The One Cooking Mistake that can Wreck your Kitchen's featured image

How do you handle the oil that you cook with? There are a few habits that can cause a lot of damage – and expense – to your kitchen. Below is a guide to eliminating your common grease gripes.

The sizzle from cooking bacon and other food on the stove often sends fat splatters onto the floor. Whether your floor is wood or synthetic, the fat spatter can result in pitting and stains. Here’s what to do:  

  1. Don’t cook over such high heat – reducing the temperature can help contain the fat splatter. It may take a little longer to cook, but you’ll be saving time and money in the long run by keeping your floors in better condition.
  2. Use a grease splatter screen to keep the grease from splattering in the first place. The screen will keep grease, liquids and sauces off the stove top too, so you won’t have a huge mess to clean up.
  3. Use a specially-designed floor mat in front of your stove, so it catches the splatters. It should be made of a material that can be easily wiped clean.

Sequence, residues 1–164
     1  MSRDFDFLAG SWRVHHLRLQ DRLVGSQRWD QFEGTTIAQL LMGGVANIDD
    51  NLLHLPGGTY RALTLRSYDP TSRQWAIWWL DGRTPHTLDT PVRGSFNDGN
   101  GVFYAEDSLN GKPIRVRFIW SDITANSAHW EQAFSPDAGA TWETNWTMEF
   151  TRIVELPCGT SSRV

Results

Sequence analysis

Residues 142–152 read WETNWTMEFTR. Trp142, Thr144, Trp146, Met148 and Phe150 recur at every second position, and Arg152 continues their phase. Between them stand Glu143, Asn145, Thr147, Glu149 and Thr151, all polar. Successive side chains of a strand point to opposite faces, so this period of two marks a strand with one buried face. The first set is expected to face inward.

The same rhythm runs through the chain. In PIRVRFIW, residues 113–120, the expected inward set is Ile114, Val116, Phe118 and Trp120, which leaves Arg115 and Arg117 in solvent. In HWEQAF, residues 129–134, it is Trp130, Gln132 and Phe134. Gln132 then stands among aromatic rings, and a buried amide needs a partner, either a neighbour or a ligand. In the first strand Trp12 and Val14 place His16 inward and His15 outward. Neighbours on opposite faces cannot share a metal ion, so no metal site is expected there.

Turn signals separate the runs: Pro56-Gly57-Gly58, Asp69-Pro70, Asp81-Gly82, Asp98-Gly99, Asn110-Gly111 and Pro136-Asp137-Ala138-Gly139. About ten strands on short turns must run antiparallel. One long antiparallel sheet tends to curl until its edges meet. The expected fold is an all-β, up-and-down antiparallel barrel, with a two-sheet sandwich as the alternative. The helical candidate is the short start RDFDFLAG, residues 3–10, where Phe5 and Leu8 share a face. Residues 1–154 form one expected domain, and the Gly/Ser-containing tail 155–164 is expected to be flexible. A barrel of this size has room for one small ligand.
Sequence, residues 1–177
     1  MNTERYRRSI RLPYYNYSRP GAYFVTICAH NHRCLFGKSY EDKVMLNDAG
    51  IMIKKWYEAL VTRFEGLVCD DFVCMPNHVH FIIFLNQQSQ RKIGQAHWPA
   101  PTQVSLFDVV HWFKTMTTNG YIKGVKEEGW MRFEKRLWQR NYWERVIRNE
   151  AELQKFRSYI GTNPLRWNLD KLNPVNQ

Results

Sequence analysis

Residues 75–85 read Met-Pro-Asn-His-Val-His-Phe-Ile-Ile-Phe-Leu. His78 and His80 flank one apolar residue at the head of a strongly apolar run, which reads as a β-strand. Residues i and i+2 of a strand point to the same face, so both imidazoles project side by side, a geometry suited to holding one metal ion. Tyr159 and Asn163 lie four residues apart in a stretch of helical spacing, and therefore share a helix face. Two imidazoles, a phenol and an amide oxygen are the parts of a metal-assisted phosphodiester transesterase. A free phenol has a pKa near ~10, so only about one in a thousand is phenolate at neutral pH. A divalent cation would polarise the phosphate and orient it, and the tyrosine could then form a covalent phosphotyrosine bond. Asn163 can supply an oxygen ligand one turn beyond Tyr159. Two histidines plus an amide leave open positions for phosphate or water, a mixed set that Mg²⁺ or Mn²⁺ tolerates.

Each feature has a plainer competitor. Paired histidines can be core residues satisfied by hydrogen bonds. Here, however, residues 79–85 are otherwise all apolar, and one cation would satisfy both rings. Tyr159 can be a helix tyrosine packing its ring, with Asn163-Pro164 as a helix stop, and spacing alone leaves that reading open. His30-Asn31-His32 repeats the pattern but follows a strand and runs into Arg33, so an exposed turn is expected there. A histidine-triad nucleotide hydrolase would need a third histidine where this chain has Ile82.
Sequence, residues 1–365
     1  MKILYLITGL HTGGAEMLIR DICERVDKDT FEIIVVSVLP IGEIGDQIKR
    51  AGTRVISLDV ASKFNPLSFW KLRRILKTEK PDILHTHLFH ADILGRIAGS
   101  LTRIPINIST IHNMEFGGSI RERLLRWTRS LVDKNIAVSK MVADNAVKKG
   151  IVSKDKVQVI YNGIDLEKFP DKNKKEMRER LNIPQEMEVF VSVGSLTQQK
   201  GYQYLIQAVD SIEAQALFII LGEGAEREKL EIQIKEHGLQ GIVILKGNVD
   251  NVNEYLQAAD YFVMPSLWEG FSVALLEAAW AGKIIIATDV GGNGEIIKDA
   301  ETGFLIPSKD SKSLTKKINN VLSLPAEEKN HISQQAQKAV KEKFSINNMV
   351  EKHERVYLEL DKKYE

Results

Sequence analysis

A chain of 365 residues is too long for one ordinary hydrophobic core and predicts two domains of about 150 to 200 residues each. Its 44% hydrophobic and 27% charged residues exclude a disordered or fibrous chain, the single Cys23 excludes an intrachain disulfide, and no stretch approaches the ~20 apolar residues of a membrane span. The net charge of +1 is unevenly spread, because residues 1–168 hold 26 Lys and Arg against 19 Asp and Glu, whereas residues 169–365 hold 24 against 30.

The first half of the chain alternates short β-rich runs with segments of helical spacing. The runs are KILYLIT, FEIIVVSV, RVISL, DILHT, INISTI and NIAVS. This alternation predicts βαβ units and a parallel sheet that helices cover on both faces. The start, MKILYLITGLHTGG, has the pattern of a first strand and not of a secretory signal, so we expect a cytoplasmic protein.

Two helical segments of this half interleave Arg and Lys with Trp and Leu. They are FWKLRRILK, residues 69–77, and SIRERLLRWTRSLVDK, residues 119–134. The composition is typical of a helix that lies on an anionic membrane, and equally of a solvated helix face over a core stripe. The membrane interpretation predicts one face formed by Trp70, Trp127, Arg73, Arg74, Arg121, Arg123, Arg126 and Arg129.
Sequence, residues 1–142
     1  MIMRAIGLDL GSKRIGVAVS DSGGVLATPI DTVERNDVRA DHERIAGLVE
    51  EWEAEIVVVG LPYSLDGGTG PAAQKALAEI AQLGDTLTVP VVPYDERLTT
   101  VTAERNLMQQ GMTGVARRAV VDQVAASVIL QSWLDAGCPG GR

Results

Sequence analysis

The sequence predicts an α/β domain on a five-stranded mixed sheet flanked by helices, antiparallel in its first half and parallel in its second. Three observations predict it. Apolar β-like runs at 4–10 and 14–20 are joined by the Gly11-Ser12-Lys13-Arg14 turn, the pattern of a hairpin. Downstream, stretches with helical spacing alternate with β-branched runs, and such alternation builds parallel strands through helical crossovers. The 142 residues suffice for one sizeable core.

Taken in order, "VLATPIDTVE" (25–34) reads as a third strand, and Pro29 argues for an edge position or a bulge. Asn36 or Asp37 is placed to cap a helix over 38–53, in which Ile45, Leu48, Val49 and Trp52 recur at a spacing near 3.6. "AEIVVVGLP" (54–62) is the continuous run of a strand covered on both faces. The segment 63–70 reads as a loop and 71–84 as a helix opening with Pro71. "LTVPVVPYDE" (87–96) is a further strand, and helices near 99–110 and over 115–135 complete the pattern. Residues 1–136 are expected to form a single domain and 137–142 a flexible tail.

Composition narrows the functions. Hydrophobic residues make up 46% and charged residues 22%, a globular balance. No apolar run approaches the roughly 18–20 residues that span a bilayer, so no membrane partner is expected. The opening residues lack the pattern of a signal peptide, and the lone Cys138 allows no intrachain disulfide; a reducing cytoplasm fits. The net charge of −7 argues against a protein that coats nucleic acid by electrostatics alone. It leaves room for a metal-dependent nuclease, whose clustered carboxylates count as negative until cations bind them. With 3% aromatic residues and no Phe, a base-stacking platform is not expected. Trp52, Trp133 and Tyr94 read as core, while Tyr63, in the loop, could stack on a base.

Many people think it’s ok to put bacon grease and other fat down the drain. But even thinning fat with water first and then dumping it can damage the drain. Here’s what to do:  

  • Compost oil and grease, rather than pouring it down the drain. If you have a compost bin pick-up, put it in there, but don’t put it into a backyard composter as it will attract animals and will smell bad over time.
  • Mix fat with another material that will thicken it for disposal. This might include used coffee grinds or filters, kitty litter, or used paper towel.
  • To separate fatty grease from water in a pan, lay a few pieces of paper towel over the drain to act as a filter as you pour out the water. Then compost the paper towel afterwards through your community pick-up program.
  • Consider re-using oil. Strain it after each use with a coffee filter to remove any large particles, and then seal the container until the next use.

If you do not properly clean pots and pans of grease, it means grease can stay on the surface and turn rancid. Here’s what to do:

  • Use paper towel to wipe down greasy pans and pots, rather than rinsing them in the sink. This will also make it easier for you to clean them with soap and water.
  • Keep an empty pickle jar in the cupboard under your kitchen sink, then drain the fat into the jar each time you cook – this will make sure you only have to worry about disposing of the grease once in a while, rather than every time you cook.